By assaying 500 000 to 1 000 000 DNA variants in a single experiment, GWAS provide unbiased genome-wide coverage, avoiding selection of candidate genes. They use an association framework for analysis, avoiding the weaknesses of linkage in complex traits. They impose stringent criteria due to the number of tests performed (typically around P<5 x 10-8 for genome-wide significance). They hold enormous potential to move beyond the identification of single genes (which may show small effects and be difficult to detect individually) toward the simultaneous identification of multiple genes through their interactions or involvement in systems.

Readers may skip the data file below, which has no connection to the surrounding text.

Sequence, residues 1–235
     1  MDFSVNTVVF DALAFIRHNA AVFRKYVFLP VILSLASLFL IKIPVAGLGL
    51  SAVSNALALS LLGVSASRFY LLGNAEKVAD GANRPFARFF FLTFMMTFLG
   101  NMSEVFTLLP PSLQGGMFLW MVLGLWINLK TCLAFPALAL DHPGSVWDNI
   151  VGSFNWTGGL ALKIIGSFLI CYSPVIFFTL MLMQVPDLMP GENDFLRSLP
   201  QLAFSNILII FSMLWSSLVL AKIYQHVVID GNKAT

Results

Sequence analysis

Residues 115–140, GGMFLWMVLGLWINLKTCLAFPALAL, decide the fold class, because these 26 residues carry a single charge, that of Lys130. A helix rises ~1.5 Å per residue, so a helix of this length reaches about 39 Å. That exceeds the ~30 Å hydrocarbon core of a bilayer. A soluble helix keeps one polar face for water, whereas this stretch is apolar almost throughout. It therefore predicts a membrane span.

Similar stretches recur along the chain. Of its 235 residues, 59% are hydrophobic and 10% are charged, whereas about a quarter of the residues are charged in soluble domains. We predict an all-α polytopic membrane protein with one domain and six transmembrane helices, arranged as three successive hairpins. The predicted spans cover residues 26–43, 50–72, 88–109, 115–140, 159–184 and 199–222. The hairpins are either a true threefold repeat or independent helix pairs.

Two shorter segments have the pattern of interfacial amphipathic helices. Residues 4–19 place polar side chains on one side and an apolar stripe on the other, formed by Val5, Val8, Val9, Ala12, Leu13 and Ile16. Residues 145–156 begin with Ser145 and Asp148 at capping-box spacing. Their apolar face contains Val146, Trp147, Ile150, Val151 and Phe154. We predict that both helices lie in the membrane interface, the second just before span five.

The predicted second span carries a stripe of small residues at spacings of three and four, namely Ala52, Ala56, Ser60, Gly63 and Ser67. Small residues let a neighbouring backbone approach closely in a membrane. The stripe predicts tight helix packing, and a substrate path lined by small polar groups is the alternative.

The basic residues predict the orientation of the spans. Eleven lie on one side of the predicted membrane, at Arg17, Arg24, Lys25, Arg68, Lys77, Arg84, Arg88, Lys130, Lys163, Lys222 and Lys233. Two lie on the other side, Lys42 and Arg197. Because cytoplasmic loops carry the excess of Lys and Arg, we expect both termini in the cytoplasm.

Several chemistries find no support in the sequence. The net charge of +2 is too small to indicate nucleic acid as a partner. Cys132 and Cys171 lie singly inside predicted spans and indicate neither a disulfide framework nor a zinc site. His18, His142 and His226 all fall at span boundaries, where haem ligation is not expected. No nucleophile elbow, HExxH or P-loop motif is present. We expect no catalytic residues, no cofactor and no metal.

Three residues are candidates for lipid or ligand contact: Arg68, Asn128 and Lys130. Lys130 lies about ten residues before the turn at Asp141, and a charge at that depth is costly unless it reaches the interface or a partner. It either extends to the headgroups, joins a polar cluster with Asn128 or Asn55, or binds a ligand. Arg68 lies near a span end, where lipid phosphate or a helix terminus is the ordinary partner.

Seven GWAS of schizophrenia have been published to date, four of which were small and underpowered. The first (320 cases, 325 controls) was of limited density as it genotyped only 25 000 SNPs in 14 000 known genes, and did not detect any association that reached genome-wide significance150; nominal association was reported in the plexin A2 (PLXNA2) gene. Only one of four samples tested in three independent studies replicates the association.151-153 The second (extremely underpowered with 178 cases, 144 controls) identified one genome-wide significant association in the X/Y pseudoautosomal region (a homologous region of the sex chromosomes where recombination can occur), near the interleukin 3 receptor (IL3R) gene.154 Cytokines have been suggested as possible candidates previously and IL3 (in the 5q linkage region) was associated with schizophrenia in one study131 One replication attempt supported association in IL3R.155 The third, using the CATIE156 sample (738 cases, 733 controls), did not detect any genome-wide significant results in its primary analysis.157 The fourth, using a multistage design of discovery (479 cases, 2937 controls) and targeted replication (6666 cases, 9897 controls) samples, identified one genome-wide significant SNP in the zinc-finger protein transcription factor ZNF804A gene,158 but only in the meta-analysis including the original sample. One independent replication attempt supported the association of ZNF804A, and showed that expression was increased from the associated haplotype.159